Don’t Be Afraid of Struggle

Photo by José Ignacio García Zajaczkowski on Unsplash

That title stakes a claim. It stakes a claim to valuing some hardship as a way to grow, to deepen, and to overcome challenges that look impossible daunting horror show at the beginning.

The trick is to see a hardship as valuable. If you do see it as part of your life’s story, a passage that is necessary and hopefully brief, then this tough time will assume its proper size and proportion to all the other tough times you’ve leapt over. You leapt over those times, gathered up your gains, and traveled to this new place where the odds are against you, the mountain so steep, the trail so perilous.

Others may try to talk you out of facing whatever hardship you’re going through. They may use logic, reasoning, storytelling, or outright bribes and cheerful goading to coax a smile.

Do not let them get to you.

This is your hardship and you’re going to conquer it, absorb its lessons, and go on to bigger and better things.

Do not abandon your experience of this time, the doubts and worries and thoughts — but do allow in other ideas, sneaking wisps of suspicion that there is a way through this and that this current struggle means you’re on to something wondrous, unimaginable and unreachable without effort. Distraction and avoidance are not your friends.

HOWEVER, if this is grievous, dangerous, and life-threatening, get help. Reach out to professionals, to those who can help you navigate and emerge safely.

The hardships I’m focused on here are life transitions, moments when you release a role or have it ripped from you — these are transformational portals. Find a new way for yourself after a loved one dies, a job ends, the crowded family nest finally empties.

Those are worthy struggles, part of being a living and experiencing human, not role or expectation, but person figuring out how to live now that there has been this big change.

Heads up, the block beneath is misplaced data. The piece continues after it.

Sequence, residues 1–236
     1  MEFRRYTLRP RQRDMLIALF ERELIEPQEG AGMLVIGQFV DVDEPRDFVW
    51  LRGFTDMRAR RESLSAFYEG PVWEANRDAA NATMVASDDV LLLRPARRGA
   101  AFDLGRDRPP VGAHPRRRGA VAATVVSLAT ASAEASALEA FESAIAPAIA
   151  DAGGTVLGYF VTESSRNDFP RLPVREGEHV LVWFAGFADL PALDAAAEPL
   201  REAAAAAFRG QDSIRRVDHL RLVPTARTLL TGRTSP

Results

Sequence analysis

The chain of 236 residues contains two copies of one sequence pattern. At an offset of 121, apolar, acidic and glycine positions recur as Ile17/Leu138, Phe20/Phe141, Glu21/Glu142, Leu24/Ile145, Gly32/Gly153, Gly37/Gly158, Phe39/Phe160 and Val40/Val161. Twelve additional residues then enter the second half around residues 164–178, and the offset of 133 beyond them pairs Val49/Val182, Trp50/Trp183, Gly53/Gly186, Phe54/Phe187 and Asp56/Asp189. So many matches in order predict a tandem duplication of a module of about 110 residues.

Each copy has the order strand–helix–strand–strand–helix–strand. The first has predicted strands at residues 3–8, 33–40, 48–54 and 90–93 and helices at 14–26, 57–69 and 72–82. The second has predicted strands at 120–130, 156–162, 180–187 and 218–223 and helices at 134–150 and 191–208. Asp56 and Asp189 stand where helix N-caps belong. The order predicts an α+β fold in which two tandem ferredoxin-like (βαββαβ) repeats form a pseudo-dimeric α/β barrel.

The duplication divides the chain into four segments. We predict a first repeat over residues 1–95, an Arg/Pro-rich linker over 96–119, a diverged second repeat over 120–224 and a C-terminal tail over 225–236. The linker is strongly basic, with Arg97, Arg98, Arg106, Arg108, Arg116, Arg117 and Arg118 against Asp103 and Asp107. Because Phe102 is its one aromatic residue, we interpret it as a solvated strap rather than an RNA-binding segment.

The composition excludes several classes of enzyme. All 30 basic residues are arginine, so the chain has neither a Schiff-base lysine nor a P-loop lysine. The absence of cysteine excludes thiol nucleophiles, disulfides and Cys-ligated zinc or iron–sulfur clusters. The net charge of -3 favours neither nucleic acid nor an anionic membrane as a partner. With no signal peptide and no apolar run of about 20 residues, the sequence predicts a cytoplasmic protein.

A friend is very concerned about a loved one. Her youngest has gone to college and the once frenetically-bustling nest is now empty after years of toting and managing and cooking and cleaning and remembering and doing and loving little rascals no matter what.

She’s having a really tough time. My friend sighs hard, sips tea.

I probe around a little, determining that there is nothing marital, work-related, health or other well-being related at risk. Nope. It’s life.

Yup. It’s life.

Being hard. Demanding that a person be present. Insisting that a talented, energetic woman find another outlet for prodigious energy and boundless creativity.

Once upon a time, these qualities were applied to building spectacular igloos with toothpicks, glue, and sugar cubes for elementary school projects. Now, the world awaits.

What will she come up with next?

Whatever she wants.

Can’t wait to see.

The Lesson of the Butterfly

December 10, 2007 by Paulo Coelho

A man spent hours watching a butterfly struggling to emerge from its cocoon. It managed to make a small hole, but its body was too large to get through it. After a long struggle, it appeared to be exhausted and remained absolutely still.
The man decided to help the butterfly and, with a pair of scissors, he cut open the cocoon, thus releasing the butterfly. However, the butterfly’s body was very small and wrinkled and its wings were all crumpled.